To my Dear Friends in Christ at T4G.org;
|I waited and waited, but|
nobody would join me for coffee
Just kidding -- mine is obviously the Open Letter. I have taken a lot of flack from all sorts of people over the years for having the audacity to use a blog like this to write letters like that. It has even made some wonder whether or not the Open Letter is a dead medium, a dead form. Personally I love to write them because it gives both me and the readers of this blog the sense that we are actually speaking to certain people and not merely about them. Moreover, I think I have a long record of using both gentleness and reverence in them (with a handful of exceptions that, frankly, prove the rule), so I am taking a break from my hiatus to write one to you. I hope it finds you well, and in good spirits.
We're closing in on the early bird registration deadline (well: it's a month off), and it has caused my friends and I to have off-line chats about whether we are going. I'm sure that's a common discussion happening right now as everyone tries to decide whether or not they have $1000 (registration, room & board, travel) to spend a week with 5000 (7500? How many?) brothers and sisters in Christ. I have gone in the past, so for the record I'm not casting any shade on those who will chose to do so this year. (For those reading: if you choose to go this year, God bless you; may it bless you greatly; may it make you better disciples and better body parts in your local church [whichever part you may be]). But, I'm not going this year.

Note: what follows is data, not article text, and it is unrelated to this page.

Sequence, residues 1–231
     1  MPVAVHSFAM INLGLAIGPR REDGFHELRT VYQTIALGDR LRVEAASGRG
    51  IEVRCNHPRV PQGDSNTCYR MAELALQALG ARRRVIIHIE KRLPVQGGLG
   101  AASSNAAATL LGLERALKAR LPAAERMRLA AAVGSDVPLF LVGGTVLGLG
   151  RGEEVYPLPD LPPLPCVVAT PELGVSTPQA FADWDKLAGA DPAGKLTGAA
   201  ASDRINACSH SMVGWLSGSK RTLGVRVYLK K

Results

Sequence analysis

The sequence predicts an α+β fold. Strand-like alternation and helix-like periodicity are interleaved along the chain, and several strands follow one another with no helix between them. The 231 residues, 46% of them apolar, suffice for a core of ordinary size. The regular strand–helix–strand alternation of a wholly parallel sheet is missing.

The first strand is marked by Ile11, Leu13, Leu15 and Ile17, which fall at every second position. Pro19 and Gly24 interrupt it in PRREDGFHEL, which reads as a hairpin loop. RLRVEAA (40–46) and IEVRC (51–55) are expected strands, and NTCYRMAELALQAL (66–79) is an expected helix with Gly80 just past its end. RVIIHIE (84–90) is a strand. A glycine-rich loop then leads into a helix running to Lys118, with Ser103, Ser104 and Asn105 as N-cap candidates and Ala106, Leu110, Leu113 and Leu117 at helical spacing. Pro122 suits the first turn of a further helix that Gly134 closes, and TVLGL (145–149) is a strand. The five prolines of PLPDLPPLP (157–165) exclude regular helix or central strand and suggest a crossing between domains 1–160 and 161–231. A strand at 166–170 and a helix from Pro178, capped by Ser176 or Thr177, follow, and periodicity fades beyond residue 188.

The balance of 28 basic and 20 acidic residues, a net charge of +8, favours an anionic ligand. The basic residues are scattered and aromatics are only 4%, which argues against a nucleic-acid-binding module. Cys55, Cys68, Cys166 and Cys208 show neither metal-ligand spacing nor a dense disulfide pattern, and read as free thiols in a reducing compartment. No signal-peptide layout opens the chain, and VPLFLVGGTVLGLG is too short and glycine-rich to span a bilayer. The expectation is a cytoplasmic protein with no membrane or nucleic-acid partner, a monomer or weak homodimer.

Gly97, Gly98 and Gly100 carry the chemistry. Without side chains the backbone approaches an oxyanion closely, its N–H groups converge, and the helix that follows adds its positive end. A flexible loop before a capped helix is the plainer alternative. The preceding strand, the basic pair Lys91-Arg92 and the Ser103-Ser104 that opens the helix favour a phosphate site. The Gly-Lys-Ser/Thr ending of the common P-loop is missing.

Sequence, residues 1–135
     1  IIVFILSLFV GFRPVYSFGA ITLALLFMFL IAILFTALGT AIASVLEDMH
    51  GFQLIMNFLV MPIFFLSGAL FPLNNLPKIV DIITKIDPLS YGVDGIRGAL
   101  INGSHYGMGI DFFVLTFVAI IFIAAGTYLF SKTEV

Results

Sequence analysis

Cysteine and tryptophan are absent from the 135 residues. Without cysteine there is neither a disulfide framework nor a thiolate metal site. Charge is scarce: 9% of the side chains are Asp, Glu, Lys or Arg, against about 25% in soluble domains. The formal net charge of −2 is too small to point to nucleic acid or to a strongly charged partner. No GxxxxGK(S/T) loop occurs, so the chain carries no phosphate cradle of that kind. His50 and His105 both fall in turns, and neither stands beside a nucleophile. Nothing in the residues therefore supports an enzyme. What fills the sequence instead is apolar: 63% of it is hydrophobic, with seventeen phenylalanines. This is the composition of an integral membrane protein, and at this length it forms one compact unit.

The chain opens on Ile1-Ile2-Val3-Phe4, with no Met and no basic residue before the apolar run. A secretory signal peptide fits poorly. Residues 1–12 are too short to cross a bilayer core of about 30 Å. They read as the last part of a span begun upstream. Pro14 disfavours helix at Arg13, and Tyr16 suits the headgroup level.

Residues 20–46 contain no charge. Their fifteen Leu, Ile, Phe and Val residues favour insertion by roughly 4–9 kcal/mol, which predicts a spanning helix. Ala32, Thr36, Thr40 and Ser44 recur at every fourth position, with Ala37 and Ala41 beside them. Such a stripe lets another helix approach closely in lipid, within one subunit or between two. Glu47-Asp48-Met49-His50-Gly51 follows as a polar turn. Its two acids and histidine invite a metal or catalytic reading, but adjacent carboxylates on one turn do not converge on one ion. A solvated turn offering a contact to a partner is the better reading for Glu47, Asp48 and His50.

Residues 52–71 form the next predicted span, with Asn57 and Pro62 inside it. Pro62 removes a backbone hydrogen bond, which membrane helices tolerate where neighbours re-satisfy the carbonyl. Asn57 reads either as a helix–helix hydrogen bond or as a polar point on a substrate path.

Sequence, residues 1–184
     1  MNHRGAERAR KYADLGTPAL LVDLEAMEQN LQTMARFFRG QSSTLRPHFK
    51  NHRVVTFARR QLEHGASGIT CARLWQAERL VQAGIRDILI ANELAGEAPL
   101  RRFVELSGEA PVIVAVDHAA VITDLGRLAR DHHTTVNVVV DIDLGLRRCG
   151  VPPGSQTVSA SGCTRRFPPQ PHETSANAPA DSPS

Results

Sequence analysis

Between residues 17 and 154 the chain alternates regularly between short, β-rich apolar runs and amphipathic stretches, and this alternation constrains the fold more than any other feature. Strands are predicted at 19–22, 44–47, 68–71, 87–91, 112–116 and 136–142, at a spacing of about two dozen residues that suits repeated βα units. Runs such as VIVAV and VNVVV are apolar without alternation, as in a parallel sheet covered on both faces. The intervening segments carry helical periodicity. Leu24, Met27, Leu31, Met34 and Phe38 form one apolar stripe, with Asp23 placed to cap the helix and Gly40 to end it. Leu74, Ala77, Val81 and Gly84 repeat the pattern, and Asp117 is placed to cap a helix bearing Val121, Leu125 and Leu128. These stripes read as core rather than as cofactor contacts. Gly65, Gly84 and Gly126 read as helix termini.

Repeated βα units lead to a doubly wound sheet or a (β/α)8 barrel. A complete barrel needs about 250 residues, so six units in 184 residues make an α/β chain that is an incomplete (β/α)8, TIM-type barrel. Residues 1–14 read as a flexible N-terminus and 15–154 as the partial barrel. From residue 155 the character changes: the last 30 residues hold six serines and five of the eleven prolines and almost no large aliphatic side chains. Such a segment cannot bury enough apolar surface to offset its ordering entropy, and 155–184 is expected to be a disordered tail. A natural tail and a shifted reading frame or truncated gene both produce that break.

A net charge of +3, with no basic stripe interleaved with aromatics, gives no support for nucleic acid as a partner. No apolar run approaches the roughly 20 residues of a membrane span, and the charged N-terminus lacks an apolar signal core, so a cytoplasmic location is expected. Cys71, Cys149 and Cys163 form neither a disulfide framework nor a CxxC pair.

Maybe what those asking me that question were really asking me is this: since T4G is now a decade old, is it time for you to freshen up the mix? For example, when we listen to the recording of Band of Bloggers last time, how fresh was that? Was it really worth the price of admission -- even factoring in the Chick-fil-A and the free books? Once we get past aggregating other people's work, and being famous for assisting better writers with getting their works into print, what are we seeing at BoB -- and why? Would it help to include someone from outside the echo chamber those fellows represent to see what else could be helpful?